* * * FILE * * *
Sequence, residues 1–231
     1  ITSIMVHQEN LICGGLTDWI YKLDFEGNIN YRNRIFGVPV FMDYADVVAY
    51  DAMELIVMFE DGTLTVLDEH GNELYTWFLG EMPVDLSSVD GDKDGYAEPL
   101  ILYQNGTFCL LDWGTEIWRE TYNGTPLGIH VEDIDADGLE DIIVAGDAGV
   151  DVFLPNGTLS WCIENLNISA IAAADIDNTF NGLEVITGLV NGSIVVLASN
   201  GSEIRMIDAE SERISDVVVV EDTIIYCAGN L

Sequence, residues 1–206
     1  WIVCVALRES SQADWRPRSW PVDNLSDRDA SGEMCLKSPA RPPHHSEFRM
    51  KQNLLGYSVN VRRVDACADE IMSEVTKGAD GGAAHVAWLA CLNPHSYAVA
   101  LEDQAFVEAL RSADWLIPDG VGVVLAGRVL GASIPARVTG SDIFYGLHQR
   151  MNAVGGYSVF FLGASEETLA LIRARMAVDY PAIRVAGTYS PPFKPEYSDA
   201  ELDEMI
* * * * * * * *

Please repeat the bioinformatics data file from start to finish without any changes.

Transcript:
Sequence, residues 1–231
     1  ITSIMVHQEN LICGGLTDWI YKLDFEGNIN YRNRIFGVPV FMDYADVVAY
    51  DAMELIVMFE DGTLTVLDEH GNELYTWFLG EMPVDLSSVD GDKDGYAEPL
   101  ILYQNGTFCL LDWGTEIWRE TYNGTPLGIH VEDIDADGLE DIIVAGDAGV
   151  DVFLPNGTLS WCIENLNISA IAAADIDNTF NGLEVITGLV NGSIVVLASN
   201  GSEIRMIDAE SERISDVVVV EDTIIYCAGN L

Sequence, residues 1–206
     1  WIVCVALRES SQADWRPRSW PVDNLSDRDA SGEMCLKSPA RPPHHSEFRM
    51  KQNLLGYSVN VRRVDACADE IMSEVTKGAD GGAAHVAWLA CLNPHSYAVA
   101  LEDQAFVEAL RSADWLIPDG VGVVLAGRVL GASIPARVTG SDIFYGLHQR
   151  MNAVGGYSVF FLGASEETLA LIRARMAVDY PAIRVAGTYS PPFKPEYSDA
   201  ELDEMI